United States District Court, W.D. Washington, Tacoma
ORDER ON PLAINTIFF'S COMPLAINT
W. Christel, United States Magistrate Judge.
filed this action, pursuant to 42 U.S.C. § 405(g),
seeking judicial review of the denial of Plaintiff's
application for Disability Insurance Benefits
(“DIB”). The parties have consented to proceed
before a United States Magistrate Judge. See 28
U.S.C. § 636(c), Fed.R.Civ.P. 73 and Local Magistrate
Judge Rule MJR 13. See also Consent to Proceed
before a United States Magistrate Judge, Dkt. 6.
reviewing the record, the Court concludes the Administrative
Law Judge (“ALJ”) did not err by declining to
obtain a consultative examination or additional medical
expert testimony. The ALJ also did not err by finding
Plaintiff failed to meet the requirements of a listing, by
discounting Plaintiff's subjective symptom testimony, or
by finding Plaintiff was capable of performing work existing
in significant numbers in the national economy. Therefore,
this matter is affirmed pursuant to sentence four of 42
U.S.C. § 405(g).
August 16, 2013, Plaintiff filed an application for DIB, and
on October 23, 2013, Plaintiff amended his application.
See Dkt. 9, Administrative Record (“AR”)
456-59. Plaintiff alleges he became disabled on April 1,
2012, due to posttraumatic stress disorder
(“PTSD”), carpal tunnel syndrome, anxiety,
history of pulmonary embolism, mood disorder, bilateral
shoulder impingement, lumbosacral strain, limited motion of
the right hip, patella femoral syndrome (bilateral), and
chronic prostatitis. See AR 458, 488.
Plaintiff's application was denied upon initial
administrative review and on reconsideration. See AR
319-45. A hearing was held before an ALJ on September 9,
2014, at which Plaintiff, represented by counsel, appeared
and testified. See AR 210. Based on the content of
the first hearing, Plaintiff filed objections to the
testimony of the Vocational Expert, Steve Duchesne. AR 19-20.
The ALJ held a supplemental hearing on June 10, 2015, at
which Plaintiff, Mr. Duchesne, and Dr. Joseph Moisan, a
second Vocational Expert, appeared and testified. AR 72.
December 23, 2015, the ALJ found Plaintiff was not disabled
within the meaning of Sections 216(i) and 223(d) of the
Social Security Act. AR 61. Plaintiff's request for
review of the ALJ's decision was denied by the Appeals
Council on April 20, 2016, making that decision the final
decision of the Commissioner of Social Security (the
“Commissioner”). See AR 1, 20 C.F.R.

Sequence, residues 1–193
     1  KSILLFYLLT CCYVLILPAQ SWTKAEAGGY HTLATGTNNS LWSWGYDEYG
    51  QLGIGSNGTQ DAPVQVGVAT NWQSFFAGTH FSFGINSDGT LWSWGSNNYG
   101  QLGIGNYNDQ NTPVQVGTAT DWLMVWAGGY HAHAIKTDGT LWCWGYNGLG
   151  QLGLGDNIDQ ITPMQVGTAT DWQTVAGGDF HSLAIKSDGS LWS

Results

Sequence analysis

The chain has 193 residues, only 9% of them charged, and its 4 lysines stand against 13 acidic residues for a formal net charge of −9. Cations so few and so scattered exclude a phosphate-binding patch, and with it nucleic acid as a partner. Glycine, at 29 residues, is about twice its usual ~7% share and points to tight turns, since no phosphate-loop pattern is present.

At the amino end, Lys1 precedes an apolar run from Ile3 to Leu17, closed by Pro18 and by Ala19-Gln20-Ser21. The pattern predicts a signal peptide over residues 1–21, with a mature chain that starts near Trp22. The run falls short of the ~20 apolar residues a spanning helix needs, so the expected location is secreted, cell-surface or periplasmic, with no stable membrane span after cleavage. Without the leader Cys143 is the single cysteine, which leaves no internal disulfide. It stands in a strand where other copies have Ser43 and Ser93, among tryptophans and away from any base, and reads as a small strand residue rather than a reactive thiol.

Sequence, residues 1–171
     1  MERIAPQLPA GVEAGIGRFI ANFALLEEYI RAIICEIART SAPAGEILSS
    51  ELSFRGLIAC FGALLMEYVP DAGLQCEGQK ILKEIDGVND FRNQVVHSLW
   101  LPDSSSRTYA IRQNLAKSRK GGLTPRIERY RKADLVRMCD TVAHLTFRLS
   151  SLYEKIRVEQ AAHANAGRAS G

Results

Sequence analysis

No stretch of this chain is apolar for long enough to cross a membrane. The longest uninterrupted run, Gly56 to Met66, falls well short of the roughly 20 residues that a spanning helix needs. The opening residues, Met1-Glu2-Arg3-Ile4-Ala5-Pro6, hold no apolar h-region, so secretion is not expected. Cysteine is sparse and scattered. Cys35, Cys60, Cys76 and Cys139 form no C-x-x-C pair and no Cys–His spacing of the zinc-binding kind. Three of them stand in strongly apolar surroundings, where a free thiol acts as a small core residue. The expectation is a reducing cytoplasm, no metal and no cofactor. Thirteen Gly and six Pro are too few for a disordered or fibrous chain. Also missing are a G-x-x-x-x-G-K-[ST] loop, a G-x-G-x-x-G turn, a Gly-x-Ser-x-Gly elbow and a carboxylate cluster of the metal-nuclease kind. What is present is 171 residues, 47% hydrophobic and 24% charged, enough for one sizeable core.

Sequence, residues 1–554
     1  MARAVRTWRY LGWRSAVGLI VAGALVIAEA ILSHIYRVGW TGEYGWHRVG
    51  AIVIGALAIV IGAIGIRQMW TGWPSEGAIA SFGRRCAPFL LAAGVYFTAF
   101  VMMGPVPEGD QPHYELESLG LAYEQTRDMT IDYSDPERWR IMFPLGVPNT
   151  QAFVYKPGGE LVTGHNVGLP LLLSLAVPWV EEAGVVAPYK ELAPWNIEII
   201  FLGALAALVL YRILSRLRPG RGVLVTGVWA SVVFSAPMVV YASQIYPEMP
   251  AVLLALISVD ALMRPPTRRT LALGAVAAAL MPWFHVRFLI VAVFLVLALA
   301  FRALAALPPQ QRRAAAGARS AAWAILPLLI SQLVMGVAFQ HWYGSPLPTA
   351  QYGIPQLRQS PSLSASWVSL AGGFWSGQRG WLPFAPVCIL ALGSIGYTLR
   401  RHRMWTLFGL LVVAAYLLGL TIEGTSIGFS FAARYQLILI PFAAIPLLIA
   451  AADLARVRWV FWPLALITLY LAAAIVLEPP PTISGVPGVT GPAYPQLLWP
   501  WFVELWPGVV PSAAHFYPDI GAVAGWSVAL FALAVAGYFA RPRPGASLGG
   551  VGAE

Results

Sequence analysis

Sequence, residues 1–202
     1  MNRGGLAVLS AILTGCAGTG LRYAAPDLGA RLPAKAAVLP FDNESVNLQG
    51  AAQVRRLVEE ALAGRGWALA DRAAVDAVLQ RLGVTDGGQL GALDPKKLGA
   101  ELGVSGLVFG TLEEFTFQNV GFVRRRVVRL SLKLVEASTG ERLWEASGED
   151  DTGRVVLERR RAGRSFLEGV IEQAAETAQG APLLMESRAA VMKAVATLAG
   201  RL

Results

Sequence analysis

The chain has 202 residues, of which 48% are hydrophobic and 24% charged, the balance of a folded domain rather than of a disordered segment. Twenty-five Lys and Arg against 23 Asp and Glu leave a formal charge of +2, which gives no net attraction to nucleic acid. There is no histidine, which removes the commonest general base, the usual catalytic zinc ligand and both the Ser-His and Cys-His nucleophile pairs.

§ 404.981, § 416.1481. On June 17, 2016, Plaintiff
filed a complaint in this Court seeking judicial review of
the Commissioner's final decision.
argues the denial of benefits should be reversed and remanded
for further proceedings, because the ALJ: 1) failed to
resolve an ambiguity in the medical evidence by obtaining an
additional consultative examination; 2) improperly found
Plaintiff did not meet the requirements of a Listing; 3)
improperly discounted Plaintiff's subjective symptom
testimony; 4) failed to account for Plaintiff's chronic
pain in the residual functional capacity (“RFC”);
and 5) failed to support his finding at Step Five with
substantial evidence. Dkt. 13, pp. 1-2.
42 U.S.C. § 405(g), this Court may set aside the
Commissioner's denial of social security benefits only if
the ALJ's findings are based on legal error or not
supported by substantial evidence in the record as a whole.
Bayliss v. Barnhart, 427 F.3d 1211, 1214 n.1 (9th
Cir. 2005) (citing Tidwell v. Apfel, 161 F.3d 599,
601 (9th Cir. 1999)). “Substantial evidence” is
more than a scintilla, less than a preponderance, and is such
“‘relevant evidence as a reasonable mind might
accept as adequate to support a conclusion.'”
Magallanes v. Bowen, 881 F.2d 747, 750 (9th Cir.
1989) (quoting Davis v. Heckler, 868 F.2d 323,
325-26 (9th Cir. 1989)).
Whether the ALJ Erred by Failing to Order a Physical and
Mental Consultative Examination
argues the ALJ erred by failing to order physical and mental
consultative examinations, or otherwise failing to call an
expert in mental health to testify at a supplemental hearing.
Specifically, Plaintiff argues the testimony of consulting
cardiologist Dr. Alan West, M.D. at Plaintiff's first
hearing created an ambiguity which triggered the ALJ's
duty to develop the record. Dkt. 13, pp. 6-9.
Plaintiff's first hearing, the ALJ called Dr. West as a
consulting medical expert witness to offer an opinion as to
Plaintiff's functional limitations. AR 211-37. Of
relevance to this analysis, Dr. West testified to several
• Dr. West summarily opined that the significant mental
health issues reflected in the medical records “may in
fact be at the level of the Commissioner's . . .
listings.” AR 218.
• Dr. West opined to certain exertional limitations,
such as a limitation to light work with the additional
restriction that Plaintiff could stand/walk no more than four
hours in an eight-hour workday, and could not push, pull, or
lift objects overhead. AR 220, 231.
• Dr. West opined to certain postural limitations, such
as no more than occasional climbing of ramps, stairs,
ladders, ropes, and scaffolds; occasional stooping, kneeling,
crouching, and crawling; and no balancing. AR 220.
• Dr. West opined to certain manipulative limitations,
such as occasional handling and fingering. AR 220-21.
• Throughout his testimony Dr. West also indicated he
believed a consultative physical examination would clarify
whether and to what extent Plaintiff's carpal tunnel
syndrome would cause ...